Ben Sheene (Gaming Illustrated): Right, it didn’t feel like a palette swap and a different voice actor. It felt like a living, breathing person plus that actor filling a role.
Jason Blundell: Yeah.
Ben Sheene (Gaming Illustrated): Going into the whole technological aspect of it, I remember playing at the end of it. It’s very … It’s speaks to how detrimental technology can be when it becomes to advanced…
Jason Blundell: That’s your interpretation of it.
Ben Sheene (Gaming Illustrated): Okay that’s my interpretation…
Jason Blundell: No, that’s a good interpretation.
Ben Sheene (Gaming Illustrated): I feel like there’s so many ways you can interpret that part. If someone were to take that path do you feel that in anyway the futuristic aspect of Call of Duty is taken. Do you think it’s detrimental to the Call of Duty name at all or maybe how the series will work out in the future?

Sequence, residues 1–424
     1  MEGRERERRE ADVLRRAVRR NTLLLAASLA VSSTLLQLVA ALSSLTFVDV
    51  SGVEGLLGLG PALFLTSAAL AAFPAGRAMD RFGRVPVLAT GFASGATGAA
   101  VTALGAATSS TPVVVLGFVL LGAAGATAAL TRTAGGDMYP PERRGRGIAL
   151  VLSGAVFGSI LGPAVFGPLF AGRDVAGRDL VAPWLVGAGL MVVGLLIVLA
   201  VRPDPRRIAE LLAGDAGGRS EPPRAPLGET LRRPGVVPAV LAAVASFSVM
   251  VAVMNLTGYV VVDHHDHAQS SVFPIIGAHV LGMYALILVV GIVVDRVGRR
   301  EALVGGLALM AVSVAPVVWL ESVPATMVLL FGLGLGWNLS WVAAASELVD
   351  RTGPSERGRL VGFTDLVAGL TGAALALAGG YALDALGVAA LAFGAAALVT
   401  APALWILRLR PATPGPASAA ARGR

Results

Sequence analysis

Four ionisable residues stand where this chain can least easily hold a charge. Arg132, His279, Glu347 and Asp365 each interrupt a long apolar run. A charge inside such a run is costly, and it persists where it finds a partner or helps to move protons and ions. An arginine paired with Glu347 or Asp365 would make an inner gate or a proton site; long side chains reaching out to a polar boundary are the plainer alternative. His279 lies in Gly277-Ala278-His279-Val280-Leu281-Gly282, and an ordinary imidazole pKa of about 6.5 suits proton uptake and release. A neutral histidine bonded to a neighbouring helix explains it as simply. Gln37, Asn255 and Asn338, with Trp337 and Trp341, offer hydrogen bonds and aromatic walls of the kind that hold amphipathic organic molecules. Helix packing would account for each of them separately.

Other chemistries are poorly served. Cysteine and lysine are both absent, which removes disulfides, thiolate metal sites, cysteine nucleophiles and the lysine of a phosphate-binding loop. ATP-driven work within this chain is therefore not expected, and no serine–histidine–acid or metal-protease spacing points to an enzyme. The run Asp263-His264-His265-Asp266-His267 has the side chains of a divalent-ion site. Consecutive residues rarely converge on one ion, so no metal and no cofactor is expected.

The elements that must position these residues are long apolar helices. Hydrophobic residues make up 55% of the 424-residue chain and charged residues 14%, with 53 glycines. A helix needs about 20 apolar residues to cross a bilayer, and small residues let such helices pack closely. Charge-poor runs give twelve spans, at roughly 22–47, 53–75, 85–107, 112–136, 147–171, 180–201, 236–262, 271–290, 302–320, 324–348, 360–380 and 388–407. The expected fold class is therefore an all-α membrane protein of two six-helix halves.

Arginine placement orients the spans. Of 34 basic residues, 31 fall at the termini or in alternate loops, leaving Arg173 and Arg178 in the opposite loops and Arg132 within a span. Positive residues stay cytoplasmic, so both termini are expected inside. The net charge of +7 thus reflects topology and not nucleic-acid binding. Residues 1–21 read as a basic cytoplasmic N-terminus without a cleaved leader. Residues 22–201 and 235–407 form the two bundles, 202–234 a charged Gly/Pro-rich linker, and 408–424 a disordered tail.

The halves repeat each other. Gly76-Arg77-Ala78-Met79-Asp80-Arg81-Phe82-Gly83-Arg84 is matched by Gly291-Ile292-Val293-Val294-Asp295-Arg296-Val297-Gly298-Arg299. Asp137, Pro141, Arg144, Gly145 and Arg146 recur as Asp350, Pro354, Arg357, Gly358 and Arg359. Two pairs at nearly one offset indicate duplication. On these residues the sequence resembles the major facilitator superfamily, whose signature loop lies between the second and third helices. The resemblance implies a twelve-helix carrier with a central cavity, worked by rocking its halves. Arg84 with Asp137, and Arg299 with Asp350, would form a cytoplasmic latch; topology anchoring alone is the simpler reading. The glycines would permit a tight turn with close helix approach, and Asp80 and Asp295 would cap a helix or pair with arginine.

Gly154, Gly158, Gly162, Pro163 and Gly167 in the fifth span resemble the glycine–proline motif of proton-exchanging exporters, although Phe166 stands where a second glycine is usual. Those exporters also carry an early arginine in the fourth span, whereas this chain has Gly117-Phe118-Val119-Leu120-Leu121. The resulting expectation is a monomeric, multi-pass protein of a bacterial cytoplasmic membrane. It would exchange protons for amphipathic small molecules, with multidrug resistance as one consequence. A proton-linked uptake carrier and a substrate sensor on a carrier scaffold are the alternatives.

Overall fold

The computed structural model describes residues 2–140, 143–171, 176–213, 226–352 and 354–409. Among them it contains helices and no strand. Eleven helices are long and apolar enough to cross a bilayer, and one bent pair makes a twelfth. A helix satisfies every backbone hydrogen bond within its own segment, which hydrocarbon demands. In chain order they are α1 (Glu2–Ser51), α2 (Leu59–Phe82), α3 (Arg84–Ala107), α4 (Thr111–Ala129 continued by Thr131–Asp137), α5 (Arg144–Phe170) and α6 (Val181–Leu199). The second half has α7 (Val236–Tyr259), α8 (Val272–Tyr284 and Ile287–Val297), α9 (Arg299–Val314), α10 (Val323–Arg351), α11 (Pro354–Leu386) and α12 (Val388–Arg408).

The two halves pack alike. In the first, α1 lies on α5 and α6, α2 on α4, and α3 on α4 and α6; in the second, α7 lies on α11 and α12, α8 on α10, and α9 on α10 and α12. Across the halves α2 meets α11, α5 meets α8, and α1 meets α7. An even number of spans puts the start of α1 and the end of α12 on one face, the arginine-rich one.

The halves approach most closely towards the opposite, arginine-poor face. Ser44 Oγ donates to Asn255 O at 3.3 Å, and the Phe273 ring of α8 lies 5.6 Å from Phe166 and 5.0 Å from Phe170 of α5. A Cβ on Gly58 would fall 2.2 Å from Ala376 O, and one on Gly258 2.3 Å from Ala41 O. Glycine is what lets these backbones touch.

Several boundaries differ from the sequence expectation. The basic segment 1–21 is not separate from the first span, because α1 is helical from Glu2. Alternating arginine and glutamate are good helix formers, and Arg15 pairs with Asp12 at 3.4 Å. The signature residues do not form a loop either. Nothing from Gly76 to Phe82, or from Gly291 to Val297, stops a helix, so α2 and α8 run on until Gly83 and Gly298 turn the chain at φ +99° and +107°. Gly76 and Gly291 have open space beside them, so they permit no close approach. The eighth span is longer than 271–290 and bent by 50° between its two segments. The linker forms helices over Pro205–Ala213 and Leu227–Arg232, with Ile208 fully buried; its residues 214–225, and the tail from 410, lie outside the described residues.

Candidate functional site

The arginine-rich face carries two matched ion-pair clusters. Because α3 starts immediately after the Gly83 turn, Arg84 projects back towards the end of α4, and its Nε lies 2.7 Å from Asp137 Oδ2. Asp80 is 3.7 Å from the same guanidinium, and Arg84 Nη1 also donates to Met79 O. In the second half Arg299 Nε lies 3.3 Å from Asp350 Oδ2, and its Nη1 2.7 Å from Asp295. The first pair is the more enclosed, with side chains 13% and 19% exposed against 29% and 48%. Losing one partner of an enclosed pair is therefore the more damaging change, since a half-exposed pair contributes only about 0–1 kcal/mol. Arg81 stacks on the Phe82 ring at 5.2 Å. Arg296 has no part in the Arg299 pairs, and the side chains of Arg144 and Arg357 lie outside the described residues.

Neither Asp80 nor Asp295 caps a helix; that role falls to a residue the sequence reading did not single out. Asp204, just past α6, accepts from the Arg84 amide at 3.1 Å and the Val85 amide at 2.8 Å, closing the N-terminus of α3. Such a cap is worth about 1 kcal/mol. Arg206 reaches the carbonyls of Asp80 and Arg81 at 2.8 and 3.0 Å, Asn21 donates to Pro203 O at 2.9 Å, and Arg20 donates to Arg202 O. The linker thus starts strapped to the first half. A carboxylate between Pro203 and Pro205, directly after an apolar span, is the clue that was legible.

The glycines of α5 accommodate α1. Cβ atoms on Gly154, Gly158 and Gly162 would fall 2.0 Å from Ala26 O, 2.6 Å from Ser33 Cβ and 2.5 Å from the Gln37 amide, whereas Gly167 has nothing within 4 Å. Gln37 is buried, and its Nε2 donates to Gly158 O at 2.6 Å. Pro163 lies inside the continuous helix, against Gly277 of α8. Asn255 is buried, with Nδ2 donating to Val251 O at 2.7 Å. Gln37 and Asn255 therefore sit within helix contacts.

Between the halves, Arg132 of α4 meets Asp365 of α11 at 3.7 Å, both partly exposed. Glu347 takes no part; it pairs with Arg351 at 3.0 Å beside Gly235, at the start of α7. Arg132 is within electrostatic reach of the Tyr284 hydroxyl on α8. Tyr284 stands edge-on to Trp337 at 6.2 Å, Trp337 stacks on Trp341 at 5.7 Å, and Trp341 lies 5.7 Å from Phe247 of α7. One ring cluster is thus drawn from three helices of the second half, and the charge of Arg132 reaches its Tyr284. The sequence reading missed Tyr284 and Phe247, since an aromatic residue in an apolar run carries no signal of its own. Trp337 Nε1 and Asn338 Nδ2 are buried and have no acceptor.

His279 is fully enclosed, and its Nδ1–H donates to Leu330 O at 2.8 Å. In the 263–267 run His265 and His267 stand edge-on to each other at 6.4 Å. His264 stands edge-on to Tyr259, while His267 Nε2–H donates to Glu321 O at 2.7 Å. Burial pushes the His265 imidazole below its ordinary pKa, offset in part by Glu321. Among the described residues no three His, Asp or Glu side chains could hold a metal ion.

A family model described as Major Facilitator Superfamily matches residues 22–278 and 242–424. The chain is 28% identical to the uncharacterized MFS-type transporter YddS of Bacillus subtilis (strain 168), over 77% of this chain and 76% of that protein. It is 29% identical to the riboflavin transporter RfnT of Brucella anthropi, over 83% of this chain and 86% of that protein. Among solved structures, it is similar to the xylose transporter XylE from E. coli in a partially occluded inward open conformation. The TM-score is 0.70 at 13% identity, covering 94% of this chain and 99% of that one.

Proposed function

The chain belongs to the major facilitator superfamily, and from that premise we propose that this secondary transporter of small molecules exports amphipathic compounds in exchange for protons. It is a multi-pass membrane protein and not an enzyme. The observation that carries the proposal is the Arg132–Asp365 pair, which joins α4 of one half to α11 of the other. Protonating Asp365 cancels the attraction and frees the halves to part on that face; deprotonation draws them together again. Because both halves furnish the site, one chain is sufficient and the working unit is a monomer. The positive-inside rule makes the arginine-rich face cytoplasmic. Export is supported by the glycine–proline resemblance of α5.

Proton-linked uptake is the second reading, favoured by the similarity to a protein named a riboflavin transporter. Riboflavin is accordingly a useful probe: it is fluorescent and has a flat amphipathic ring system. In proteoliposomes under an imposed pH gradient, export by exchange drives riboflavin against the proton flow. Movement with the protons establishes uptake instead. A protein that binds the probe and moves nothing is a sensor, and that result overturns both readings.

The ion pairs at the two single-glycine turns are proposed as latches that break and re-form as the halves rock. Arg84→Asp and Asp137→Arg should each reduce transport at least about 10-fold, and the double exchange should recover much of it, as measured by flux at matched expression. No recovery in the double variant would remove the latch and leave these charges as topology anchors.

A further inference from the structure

Jason Blundell: In what sense?
Ben Sheene (Gaming Illustrated): I think there’s always going to be people who want to keep it classic. Don’t get too advanced. On our website one of our writers questioned, when does the warfare become too advanced? I think as long as it works in a narrative sense as long as it works in a gameplay sense, it’s fine. Do you every think it might… When would it lose sight of the Call of Duty name?
Jason Blundell: Here’s the thing, right. I could break that down into multiple elements. From an mechanics point of view, pure game mechanic point of view, it’s incredibly liberating. You can go after aspects that really give customization and personalization to the player like never before. That’s not time period specific but it gives certain liberties to you.